Málfríður - 15.03.2005, Blaðsíða 28

Málfríður - 15.03.2005, Blaðsíða 28
28 MÁLFRÍÐUR of parents and the Immigrants’ Center, a forerunner of the Intercultural Center in Reykjavík. (Miðstöð nýbúa og Alþjóðahúsið) This parent initiative has developed into a very active bilingual education pro- gram at the center. Another example of a neglected language is sign language, which until recently was not fully recog- nized as a mother tongue. Fortunately there is a grow- ing awareness of the need for the hearing population to learn sign languages and thus make social situa- tions more inclusive to the hearing impaired. Signers also need more opportunities to learn the sign lan- guages of other countries in order to take advan- tage of opportunities for mobility, interchange and cultural enrichment. Plurilingualism as a resource There is a growing awareness of plurilingualism as a resource all across Europe. Teachers who work in multicultural areas have started to develop ways of drawing students’ knowledge of different languages into their teaching. This has the dual benefit of improving learning, and giving respect to students’ home languages. It also emphasizes that being bilingual or plurilingual is a natural and common phenomenon. Some of the things that language teachers and schools are doing are language awareness activi- ties. For example, children can do surveys on the number of languages spoken in their class, school, or neighborhood. Children can be encouraged to ‘bring and tell’ examples of different languages, such as newspapers, storybooks, and listening materials. Students can work with languages by learning songs and rhymes in different languages, and comparing groups of words or, for example, proverbs in differ- ent languages. At the more advanced levels, learners can do more sophisticated language comparisons and participate in lingual and cultural exchanges of many kinds. Differences in the ‘culture of learning’ Another important consideration for language teach- ers and school authorities is the difference between what we call ‘cultures of learning’. There is a grow- ing body of research which points to ways in which learners’ cultural or linguistic backgrounds affect the way they interact with classroom culture. For exam- ple, how much learners are expected to speak in class varies widely between cultures and this can have particular consequences in language classes. Several interesting studies have uncovered differ- ences of this kind. In a study by Cortazzi and Jin in 1996, perceptions of student behavior were compared between Chinese students and western teachers. One of the cultural differences that came to light was that western teachers view volunteering in class as show- ing strong interest and participation on the part of the students, while Chinese students viewed it as showing off and preventing teacher talk. This shows how perceptions about what is considered valued classroom behavior can differ greatly between cul- tures and lead to confusion and disappointment in the classroom. It is increasingly necessary for teachers to be aware of cultural differences and to adopt class- room approaches that take these differences into account. In some school situations, teachers barely know the names of many of the languages spoken by their pupils, let alone understand the cognitive and cultural differences that may accompany them. Teachers and school personnel need to have access to research into languages and their associated cultures. They should also have basic knowledge of the most commonly represented languages in their schools in order to send out a positive message about the value attached to linguistic diversity. A new paradigm In the multilingual, multicultural, and mobile reality of Europe today, we need to view plurilin- gual competence as a vital skill, and achievable by everyone. If citizens are to play a full role in today’s Europe, take advantage of the opportunities open to them and live up to their potential, they will need competence in a range of languages, as well as posi- tive attitudes towards speakers of languages from outside their immediate communities. A new paradigm for language education in the 21st century summarizes the main ideas and issues currently being debated within Europe. In this table a comparison is made between the old model of language education and a new one which takes into account new needs and perceptions in the changing face of Europe today. What does this new paradigm for language educa- tion mean for us in Iceland? It means that language educators in Iceland need to redefine their role in response to the changing nature of the society which no longer fits to the idea of the monolingual nation state. Modern European societies, including Iceland, are complex environ- ments, increasingly characterized by linguistic and cultural diversity and exchanges between languages and cultures. It is becoming ever more important for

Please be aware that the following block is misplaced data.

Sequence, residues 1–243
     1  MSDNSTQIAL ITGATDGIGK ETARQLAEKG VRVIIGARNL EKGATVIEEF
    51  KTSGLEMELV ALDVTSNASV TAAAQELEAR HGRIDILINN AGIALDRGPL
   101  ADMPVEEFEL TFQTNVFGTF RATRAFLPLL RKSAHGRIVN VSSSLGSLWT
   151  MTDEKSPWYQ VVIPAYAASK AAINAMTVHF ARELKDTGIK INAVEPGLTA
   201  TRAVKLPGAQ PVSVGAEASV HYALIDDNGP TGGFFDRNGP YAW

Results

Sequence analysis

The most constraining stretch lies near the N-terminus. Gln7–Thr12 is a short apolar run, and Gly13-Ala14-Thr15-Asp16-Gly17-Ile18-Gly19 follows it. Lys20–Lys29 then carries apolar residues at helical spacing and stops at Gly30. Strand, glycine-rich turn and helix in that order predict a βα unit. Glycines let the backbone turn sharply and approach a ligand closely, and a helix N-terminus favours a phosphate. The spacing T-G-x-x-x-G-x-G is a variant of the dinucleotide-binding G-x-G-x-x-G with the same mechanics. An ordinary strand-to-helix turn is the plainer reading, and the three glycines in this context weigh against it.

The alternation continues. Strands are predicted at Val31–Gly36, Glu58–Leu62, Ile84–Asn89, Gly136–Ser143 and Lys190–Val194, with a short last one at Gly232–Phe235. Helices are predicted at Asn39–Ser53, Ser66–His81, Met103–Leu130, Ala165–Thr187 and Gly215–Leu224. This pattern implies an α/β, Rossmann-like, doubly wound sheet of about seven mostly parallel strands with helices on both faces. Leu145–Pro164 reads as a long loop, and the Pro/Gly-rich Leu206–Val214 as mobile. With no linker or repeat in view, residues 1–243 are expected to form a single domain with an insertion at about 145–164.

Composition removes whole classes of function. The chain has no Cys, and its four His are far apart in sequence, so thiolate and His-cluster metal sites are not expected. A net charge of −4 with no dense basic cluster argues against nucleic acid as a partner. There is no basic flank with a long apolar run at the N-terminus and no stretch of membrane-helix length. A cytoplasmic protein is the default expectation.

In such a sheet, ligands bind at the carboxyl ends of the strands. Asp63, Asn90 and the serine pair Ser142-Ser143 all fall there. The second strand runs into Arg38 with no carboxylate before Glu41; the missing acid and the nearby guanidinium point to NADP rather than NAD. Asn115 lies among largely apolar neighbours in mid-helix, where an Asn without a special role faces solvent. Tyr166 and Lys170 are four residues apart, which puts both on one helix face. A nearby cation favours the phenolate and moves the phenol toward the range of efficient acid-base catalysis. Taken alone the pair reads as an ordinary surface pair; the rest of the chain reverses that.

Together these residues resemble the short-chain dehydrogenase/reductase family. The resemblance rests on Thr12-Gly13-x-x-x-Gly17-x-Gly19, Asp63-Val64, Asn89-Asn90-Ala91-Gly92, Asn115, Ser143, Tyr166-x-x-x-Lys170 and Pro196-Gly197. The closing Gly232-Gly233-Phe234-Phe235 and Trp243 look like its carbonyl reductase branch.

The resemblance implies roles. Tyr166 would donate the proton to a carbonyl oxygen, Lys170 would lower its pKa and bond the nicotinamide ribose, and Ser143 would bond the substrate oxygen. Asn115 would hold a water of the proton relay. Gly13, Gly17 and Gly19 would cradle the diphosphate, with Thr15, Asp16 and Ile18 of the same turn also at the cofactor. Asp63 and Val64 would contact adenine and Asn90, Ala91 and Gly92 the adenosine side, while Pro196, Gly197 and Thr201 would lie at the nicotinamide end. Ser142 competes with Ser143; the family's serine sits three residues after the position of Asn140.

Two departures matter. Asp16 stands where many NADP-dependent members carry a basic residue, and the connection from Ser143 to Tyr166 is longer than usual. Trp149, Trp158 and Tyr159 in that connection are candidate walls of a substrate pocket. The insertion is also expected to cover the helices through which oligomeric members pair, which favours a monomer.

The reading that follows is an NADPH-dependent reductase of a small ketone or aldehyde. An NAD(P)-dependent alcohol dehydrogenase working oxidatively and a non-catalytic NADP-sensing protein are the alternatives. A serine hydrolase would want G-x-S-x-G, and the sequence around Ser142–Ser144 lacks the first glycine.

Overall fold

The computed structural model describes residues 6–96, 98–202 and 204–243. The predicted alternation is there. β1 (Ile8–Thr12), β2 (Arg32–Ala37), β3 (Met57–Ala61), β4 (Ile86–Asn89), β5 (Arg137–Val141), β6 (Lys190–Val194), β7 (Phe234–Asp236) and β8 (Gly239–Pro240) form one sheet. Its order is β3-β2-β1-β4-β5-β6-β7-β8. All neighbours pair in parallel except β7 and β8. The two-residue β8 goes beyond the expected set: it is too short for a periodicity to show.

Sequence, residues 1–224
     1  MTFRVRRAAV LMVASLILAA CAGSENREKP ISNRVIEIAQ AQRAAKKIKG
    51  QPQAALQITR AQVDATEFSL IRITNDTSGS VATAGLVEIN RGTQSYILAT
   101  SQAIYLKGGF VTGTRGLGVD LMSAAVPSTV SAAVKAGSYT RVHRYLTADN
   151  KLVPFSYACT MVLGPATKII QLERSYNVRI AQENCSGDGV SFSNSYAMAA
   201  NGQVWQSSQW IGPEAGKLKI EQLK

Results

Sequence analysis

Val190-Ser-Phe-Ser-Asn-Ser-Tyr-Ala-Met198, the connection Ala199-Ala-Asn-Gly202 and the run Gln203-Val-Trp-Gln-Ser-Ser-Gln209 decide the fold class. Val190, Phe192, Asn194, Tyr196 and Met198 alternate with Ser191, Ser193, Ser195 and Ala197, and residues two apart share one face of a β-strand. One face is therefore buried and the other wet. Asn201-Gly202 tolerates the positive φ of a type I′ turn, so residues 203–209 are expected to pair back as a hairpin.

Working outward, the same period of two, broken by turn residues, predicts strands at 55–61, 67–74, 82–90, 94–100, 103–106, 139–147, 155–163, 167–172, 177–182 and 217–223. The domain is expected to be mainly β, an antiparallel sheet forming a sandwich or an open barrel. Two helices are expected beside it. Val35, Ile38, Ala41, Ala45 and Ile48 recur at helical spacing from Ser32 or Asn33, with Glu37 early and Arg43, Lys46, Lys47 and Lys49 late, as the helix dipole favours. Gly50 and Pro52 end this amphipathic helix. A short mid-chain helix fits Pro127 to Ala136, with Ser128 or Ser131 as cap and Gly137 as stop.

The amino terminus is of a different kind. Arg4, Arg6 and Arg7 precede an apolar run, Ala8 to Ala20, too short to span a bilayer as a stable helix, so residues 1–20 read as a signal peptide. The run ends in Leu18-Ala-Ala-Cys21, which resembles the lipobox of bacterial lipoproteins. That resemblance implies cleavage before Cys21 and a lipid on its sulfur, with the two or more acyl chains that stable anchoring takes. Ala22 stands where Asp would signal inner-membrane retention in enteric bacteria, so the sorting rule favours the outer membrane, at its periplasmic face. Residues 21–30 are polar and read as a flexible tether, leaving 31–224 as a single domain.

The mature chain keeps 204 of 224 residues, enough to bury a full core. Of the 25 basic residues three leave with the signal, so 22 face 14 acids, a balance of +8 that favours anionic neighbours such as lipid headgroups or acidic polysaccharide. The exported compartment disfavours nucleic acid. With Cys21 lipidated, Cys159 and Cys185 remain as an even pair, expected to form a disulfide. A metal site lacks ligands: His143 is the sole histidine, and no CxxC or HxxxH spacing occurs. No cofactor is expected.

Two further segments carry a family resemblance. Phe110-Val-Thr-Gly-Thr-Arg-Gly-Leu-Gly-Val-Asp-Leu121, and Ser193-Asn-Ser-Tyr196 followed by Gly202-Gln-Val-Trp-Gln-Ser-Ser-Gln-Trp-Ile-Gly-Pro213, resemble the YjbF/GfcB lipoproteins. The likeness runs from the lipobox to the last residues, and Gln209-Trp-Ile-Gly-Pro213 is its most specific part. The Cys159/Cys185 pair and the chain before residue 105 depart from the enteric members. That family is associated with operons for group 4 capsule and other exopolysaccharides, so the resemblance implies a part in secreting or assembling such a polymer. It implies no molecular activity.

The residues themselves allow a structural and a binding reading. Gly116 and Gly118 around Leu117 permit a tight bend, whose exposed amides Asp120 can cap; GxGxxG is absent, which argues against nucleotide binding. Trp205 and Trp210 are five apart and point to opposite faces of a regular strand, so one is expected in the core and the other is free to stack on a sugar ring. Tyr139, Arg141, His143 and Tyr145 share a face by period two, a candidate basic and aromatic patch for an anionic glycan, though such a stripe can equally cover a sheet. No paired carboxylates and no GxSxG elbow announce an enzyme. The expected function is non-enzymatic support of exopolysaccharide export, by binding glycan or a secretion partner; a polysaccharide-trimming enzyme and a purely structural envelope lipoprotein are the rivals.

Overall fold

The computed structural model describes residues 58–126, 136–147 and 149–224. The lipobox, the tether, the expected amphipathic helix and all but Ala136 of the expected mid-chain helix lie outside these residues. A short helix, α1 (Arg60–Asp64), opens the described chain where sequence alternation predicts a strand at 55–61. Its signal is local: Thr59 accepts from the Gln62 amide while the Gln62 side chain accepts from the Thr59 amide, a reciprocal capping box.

Beinir tenglar

Ef þú vilt tengja á þennan titil, vinsamlegast notaðu þessa tengla:

Tengja á þennan titil: Málfríður

Tengja á þetta tölublað:

Tengja á þessa síðu:

Tengja á þessa grein:

Vinsamlegast ekki tengja beint á myndir eða PDF skjöl á Tímarit.is þar sem slíkar slóðir geta breyst án fyrirvara. Notið slóðirnar hér fyrir ofan til að tengja á vefinn.